FY15 Defense IT Budget Forecast: Cloudy with No Chance of Sequestration

Lloyd McCoy_65x85by Lloyd McCoy Jr., Consultant

The FY15 base DOD budget request came in at $495.6 billion, (about even with FY14) but more importantly, it’s under OMB’s budgetary caps, meaning sequestration isn’t in the cards for this year. Diving into the DOD IT budget, we see a 6% drop from FY14 to about $36.4 billion; fortunately, much of this decline has to do with a shrinking workforce and cost-savings generated by earlier IT investments.

Soldier with Flag Draped in BackgroundYes the budget is down 6% from last year, but before you go running for the hills, it’s important to remember the following: while the IT budget is reduced from FY14, agencies that purchased software are continuing to purchase software— and with no sequestration and government shutdown in sight, we’re positioned to see a better FY15 than we did FY13.

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WEST 2014 Conference Sheds Light on Acquisition Priorities for the Sea Services

Lloyd McCoy_65x85by Lloyd McCoy Jr., Consultant

Last week industry and government met for the largest event on the West Coast for the maritime services (Navy, Marine Corps, and Coast Guard) and the contractors that support them. Many senior military leaders attended and spoke about the direction they are headed and how industry can help. Their remarks echoed previous announcements that the U.S. as a whole (not just the military) is transitioning to face a variety of interconnected 21st Century threats. The Pacific region is a big part of the equation and since it is largely a maritime environment; the Sea Services are at the forefront.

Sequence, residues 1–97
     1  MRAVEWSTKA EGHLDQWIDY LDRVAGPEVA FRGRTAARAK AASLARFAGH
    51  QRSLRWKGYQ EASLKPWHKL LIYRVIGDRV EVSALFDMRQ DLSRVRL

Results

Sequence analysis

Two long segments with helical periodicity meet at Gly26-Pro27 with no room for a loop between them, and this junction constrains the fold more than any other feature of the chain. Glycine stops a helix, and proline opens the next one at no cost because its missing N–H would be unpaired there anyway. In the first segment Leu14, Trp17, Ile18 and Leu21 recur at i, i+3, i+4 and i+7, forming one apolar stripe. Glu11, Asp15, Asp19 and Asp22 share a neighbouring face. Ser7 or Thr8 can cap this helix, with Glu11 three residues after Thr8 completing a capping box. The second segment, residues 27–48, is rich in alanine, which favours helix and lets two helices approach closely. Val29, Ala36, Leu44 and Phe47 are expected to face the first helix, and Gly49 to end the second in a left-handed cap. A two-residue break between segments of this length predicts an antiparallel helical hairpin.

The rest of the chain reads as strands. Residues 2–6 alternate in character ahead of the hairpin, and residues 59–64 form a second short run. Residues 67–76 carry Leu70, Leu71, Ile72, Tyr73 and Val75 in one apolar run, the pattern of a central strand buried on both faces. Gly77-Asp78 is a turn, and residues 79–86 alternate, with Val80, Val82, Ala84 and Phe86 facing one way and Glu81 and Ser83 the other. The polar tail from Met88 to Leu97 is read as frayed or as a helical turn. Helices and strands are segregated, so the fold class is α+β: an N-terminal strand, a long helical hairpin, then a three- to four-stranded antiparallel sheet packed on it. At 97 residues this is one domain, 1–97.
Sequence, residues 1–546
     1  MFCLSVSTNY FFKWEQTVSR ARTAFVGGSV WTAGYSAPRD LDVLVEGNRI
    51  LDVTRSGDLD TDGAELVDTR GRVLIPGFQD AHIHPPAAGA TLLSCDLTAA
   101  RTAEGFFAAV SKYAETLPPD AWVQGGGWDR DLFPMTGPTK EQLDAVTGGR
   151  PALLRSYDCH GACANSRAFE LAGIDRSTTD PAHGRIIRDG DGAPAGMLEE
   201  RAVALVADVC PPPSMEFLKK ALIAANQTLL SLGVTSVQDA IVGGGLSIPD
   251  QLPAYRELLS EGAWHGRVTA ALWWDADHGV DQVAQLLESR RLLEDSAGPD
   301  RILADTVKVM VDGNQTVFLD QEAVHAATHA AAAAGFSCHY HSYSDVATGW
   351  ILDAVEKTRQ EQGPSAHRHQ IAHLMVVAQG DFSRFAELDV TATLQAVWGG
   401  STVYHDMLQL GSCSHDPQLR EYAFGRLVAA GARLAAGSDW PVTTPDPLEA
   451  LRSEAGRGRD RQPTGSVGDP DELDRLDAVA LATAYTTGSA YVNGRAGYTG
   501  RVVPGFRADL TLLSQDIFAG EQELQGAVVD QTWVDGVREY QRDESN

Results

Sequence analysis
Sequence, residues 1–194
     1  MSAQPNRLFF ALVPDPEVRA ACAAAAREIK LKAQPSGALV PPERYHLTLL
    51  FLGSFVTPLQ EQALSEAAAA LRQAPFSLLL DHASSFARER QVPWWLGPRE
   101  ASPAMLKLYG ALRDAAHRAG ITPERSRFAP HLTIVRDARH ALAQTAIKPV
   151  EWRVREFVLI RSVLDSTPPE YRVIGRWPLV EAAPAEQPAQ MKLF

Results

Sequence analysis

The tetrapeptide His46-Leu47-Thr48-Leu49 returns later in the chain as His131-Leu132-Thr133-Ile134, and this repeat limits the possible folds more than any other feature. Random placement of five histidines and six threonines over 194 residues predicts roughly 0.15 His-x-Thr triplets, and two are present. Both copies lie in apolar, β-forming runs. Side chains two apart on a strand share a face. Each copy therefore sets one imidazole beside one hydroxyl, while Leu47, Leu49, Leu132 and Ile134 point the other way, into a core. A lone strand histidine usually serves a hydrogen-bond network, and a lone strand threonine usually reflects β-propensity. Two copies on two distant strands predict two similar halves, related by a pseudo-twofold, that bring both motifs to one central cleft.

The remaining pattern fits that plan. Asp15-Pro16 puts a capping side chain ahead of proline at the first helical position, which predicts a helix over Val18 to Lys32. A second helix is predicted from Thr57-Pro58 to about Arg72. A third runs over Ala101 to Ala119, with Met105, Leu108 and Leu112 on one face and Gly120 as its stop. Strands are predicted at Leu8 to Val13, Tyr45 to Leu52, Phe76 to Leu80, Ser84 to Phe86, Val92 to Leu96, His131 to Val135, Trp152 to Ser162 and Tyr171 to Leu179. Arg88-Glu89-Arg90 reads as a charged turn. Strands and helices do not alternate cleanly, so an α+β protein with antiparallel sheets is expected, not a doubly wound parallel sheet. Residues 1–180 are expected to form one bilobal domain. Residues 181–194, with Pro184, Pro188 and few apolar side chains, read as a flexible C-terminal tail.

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DOD Cloud Demand Increases, but DISA’s Role May Change

Lloyd McCoy_65x85by Lloyd McCoy Jr., Consultant

DISA’s role as the central broker and provider of cloud services for all of DOD is in jeopardy. Back in July 2012, Department CIO, Teresa Takai designated the agency as the DOD cloud broker. That means DISA manages the use, performance, and delivery of cloud services for DOD customers. The precursor to this designation was, DISA First, a policy where Defense agencies would consider the Defense Information Systems Agency (DISA) for data hosting before considering other options. The outcome of these policies, ideally, was DISA being the key facilitator for all things cloud. So far these strategies have worked with mixed success.